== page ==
Nature Middle East | House of Wisdom

Talking it out: How diabetics benefit from diagnosis conversations with doctors

Early conversations between physicians and diabetes patients are not only critical for patients’ emotional well-being but they also predict the degree to which patients keep up with treatment.

There are some 36.8 million diabetics in the Middle East and North Africa, with the highest number of patients in Egypt, and the highest prevalence of the disease in Saudi Arabia, followed closely by Kuwait. In 2014 alone, the region spent a staggering $16.8 billion on healthcare in relation to treating or preventing diabetes –  a strain on the developing countries’ collectives economies. Around 363,000 died last year from diabetes and/or its complications, 53% of which are below the age of 60.

But little changes can make a difference, new information reveals, positively affecting the quality of life (and treatment) of diabetics.

Diagnosis conversations with doctors for one help diabetics accept the fact that the ailment – especially the often-fatal and more prominent Type 2 – is here to stay, in other words a life-time partner; these conversations are also associated with more commitment to the prescribed courses of treatment, reveals “IntroDia” a global survey about type 2 diabetes.

The survey, carried out by Boehringer Ingelheim and Eli Lilly and Company in partnership with the International Diabetes Federation (IDF), launched in 2013 and has since then investigated conversations between over 6,000 doctors and 10,000 patients across 26 countries, including Saudi Arabia and the UAE. The survey is ongoing but the initial results were released in September 2014.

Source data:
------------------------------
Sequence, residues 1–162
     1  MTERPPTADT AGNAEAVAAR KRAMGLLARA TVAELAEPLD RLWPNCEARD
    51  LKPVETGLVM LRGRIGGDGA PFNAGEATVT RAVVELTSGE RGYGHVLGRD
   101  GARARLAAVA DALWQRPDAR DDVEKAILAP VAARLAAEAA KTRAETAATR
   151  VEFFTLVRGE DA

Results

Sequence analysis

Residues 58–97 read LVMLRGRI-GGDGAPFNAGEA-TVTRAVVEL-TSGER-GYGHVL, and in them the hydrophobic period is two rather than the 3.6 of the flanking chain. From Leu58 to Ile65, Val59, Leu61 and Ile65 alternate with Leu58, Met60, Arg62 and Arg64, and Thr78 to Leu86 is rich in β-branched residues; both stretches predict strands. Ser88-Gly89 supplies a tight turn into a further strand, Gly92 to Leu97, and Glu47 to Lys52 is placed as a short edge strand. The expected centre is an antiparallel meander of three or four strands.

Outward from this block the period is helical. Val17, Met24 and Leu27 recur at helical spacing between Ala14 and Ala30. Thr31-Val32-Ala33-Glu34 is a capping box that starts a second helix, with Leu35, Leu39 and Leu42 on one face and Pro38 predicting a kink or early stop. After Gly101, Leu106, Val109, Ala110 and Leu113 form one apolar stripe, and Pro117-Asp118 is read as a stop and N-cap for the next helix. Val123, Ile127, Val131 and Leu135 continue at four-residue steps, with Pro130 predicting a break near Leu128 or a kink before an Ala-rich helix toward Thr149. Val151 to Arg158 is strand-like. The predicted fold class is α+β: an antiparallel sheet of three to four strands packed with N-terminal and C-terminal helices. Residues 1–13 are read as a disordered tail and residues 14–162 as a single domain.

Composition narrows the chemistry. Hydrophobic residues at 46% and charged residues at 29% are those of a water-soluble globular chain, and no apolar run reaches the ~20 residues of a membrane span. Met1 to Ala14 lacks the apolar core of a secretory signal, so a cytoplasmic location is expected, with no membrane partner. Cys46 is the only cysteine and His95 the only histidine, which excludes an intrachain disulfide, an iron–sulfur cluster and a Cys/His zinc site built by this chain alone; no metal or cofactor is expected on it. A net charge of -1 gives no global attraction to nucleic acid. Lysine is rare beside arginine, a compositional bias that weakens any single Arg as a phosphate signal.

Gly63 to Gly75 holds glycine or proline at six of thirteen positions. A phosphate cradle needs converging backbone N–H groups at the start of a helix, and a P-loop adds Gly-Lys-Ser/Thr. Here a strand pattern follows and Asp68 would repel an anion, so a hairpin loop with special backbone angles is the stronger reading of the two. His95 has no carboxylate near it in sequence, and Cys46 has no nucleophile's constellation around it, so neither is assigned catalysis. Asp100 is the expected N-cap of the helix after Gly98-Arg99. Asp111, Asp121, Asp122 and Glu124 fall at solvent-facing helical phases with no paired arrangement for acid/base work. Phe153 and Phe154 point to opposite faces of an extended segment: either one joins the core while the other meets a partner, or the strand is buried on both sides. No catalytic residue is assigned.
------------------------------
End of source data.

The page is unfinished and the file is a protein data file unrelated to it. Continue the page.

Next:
Around 60 physicians from Saudi Arabia and the UAE participated in the survey – which revealed that unfortunately the behavioral changes by patients (or the lack thereof) as well as the preliminary conversations with doctors on the onset of diagnosis are far from enough to curb the damage – both emotional and physical.

Patients revert to old habits, say panelists at Arab Health Congress happening in Dubai this week, and physicians have complained that they need more “tools” to help them make sure that people with type 2 diabetes sustain behavioral changes needed for treatment success.

“They need more time, for instance, with the patients,” explains Karim Al Alaoui, managing director of Boehringer Ingelheim for Middle East, Turkey and Africa, among other things.

During the initial stages of diagnosis, says Abdulrazzaq Al Madani, consultant endocrinologist and physician at the Dubai Hospital and chairman of the Emirates Diabetes society, UAE, patients experience anger, stress and frustration; “it’s the idea that they have to live with this disease forever. It’s a permanent change.”

Treatment success depends on how the patients accept their condition, and the efficacy of medications in equal parts, says Al Alaoui, based on the survey results.

The final conclusions of the survey will be showcased in full later this year. The companies and the IDF are hoping that the insights therein would be used to develop resources to help physicians provide adequate support for patients.


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